Dr. Brenda Schulman joins the Board of Scientific Advisors
Dr. Brenda Schulman, HHMI Investigator and St. Jude Children’s Research Hospital faculty member, studies the structural basis of posttranslational modification by ubiquitin and ubiquitin-like proteins (UBls).
Many eukaryotic cell processes are regulated by the attachment of UBls to proteins: adding a UBl to a protein might change its function, how it interacts with DNA, or where it is headed within the cell. And defects in the processes that add UBls or remove them from proteins are associated with cancer, neurodegenerative diseases, and viral infections.
In Schulman’s lab, JCC Fellow Nicholas Brown recently made inroads in understanding the regulation of and by the Anaphase Promoting Complex/Cyclosome (APC/C), which regulates cell division by catalyzing ubiquitination of key cell cycle regulators. APC/C is a 1.2 Mda mammalian enzyme, comprised of 18 polypepdtides, and works with several other proteins to catalyze ubiquitination. The work was published in the March 2015 issue of PNAS.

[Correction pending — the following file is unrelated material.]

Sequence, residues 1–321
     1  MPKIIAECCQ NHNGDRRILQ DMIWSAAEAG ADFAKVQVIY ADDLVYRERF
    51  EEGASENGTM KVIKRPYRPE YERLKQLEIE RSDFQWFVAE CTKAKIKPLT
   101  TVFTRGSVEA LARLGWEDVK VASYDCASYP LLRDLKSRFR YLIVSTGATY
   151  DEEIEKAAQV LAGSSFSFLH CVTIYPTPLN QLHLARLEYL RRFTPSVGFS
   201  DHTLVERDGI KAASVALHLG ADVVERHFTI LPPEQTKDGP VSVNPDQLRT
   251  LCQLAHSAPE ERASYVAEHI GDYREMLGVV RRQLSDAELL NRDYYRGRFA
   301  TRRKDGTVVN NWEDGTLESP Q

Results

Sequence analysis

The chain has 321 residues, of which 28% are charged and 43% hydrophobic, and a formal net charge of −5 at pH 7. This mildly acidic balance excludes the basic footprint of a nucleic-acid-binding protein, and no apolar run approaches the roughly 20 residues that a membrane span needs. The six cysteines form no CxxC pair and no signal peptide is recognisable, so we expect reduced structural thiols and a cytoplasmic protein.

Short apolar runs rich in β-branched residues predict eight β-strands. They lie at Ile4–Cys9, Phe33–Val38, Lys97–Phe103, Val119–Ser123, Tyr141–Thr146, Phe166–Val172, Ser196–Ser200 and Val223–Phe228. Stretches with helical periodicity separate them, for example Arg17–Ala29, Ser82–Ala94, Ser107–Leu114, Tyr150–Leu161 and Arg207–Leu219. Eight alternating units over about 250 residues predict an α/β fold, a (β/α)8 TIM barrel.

“Nick joined my lab with the goal of being able to bringing his quantitative enzymology background to complex eukaryotic regulatory systems,” says Schulman, who collaborated with Jan-Michael Peters and Holger Stark on the project. “Nick’s quantitative approaches enabled his determining a previously unrecognized exciting function for one of the most common domains in the ubiquitin pathway. He also devised a very clever cross linking method that allowed us to visualize the entire APC/C trapped in the act of transferring ubiquitin to a substrate. This transformed our thinking about how this complex and important molecular machine works.”
This project’s inspiration originated 15 years ago with collegial mentoring from BSA Director Steve Elledge, says Schulman, who joins the BSA this year. Additionally, fellow BSA member Peter Kim, was Schulman’s PhD supervisor. “JCC has a long history of supporting some of the nation’s promising young scientists at a very formative stage of their careers,” she says. “This type of support can make a big difference in enabling postdocs to do visionary and innovative research, as a springboard for entre into academia.”